LOWELL – The Decatur Way Art and Poetry Gallery recently acquired the work of many young artists from Lowell, and that work is now on display along the narrow public space between Merrimack and Salem streets.
Four paintings created by students of Lowell Day Nursery were shown to the public on a recent cold and harsh December morning.
A troop of young artists and their teachers attended the event, making the 10-minute walk from school to Decatur Way under the watchful eye of teachers and using a rope to prevent latecomers.
Many kids literally got their hands on art before it was finished. Handprints dominate one of the paintings.
When asked what he liked about the art project, one boy shouted, âWe have to paint our hands. “
Once an alleyway, the walkway was a wild path of brush, weeds, lean trees and drug addicts when Dave Ouellette rediscovered it over a decade ago.
âYou wouldn’t believe the needles we found here,â said Ouellette, who is chair of the Acre Coalition to Improve Our Neighborhood and Dracut health worker.
Ouellette played with her brother in Decatur Alley when they were little. Seeing him again, the longtime Acre activist set out to do something for his condition.
Using saws and axes, ACTION members cut down trees and brush.
âIt took two years to get rid of the overgrowth,â Ouellette said.
ACTION has partnered with UMass Lowell and the City to make a difference. The opening of the University Crossing student center helped speed things up as well as the donation of land next to the center. This gift has become the entrance to the footbridge, a stylized wrought iron bridge.
For the city, the cleaning of the Decatur alley provided a solution to a storm water problem.
The new stormwater filtration system used porous concrete, which absorbs water, allowing it to return to the ground instead of accumulating on the pavement where it could accumulate contaminants and harm the environment.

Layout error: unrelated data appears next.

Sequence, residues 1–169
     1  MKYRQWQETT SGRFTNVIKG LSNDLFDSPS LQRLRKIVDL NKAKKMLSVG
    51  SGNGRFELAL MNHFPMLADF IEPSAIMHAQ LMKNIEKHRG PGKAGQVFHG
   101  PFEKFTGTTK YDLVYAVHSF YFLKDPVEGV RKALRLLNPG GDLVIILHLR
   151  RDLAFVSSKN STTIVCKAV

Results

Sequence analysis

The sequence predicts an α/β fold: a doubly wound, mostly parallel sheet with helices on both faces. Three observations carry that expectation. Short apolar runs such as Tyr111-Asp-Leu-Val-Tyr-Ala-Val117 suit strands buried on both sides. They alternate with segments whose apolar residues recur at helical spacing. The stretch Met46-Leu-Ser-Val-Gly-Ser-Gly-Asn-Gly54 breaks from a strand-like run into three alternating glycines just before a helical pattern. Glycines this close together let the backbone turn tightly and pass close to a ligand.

After the alley was cleaned up, it was officially renamed the Decatur Way.
The four paintings by the artists of the Lowell Day Nursery and most other works are on permanent display along the walkway and protected from the rain, snow and winds of the Lowell weather. They are sealed against the elements by the use of plywood first primed with a water resistant paint, then artists use an all weather exterior paint to do their job.
The painting of the Puerto Rican community of Lowell, however, is from a scanned image of a painting that was transferred to metal. Over the years, artists have been asked to contribute to the gallery with something that reflects their community.
A painting from Lowell High School, as well as other schools and churches, is pictured in the gallery.
Ouellette received a phone call from Lina Gruca, Executive Director of Lowell Day Nursery, asking if the kids at the school could add artwork.
âIt went on for a few months,â he said. “But it’s here and can be enjoyed by anyone.”
So far, Decatur Way has not been vandalized.
âIt’s because everyone contributed to it. Everyone in the neighborhood is interested, âexplained Ouellette. âIt’s appreciated by everyone.
No one needs to tag it with graffiti because one of the best artists in the Lowell area has painted a mural before, he said.
âThe budget is minimal because everything is voluntary. And the (Department of Public Works) is doing a tremendous job of maintaining it, âOuellette said. “They went out of their way over the past few days to make sure he was ready for this presentation.”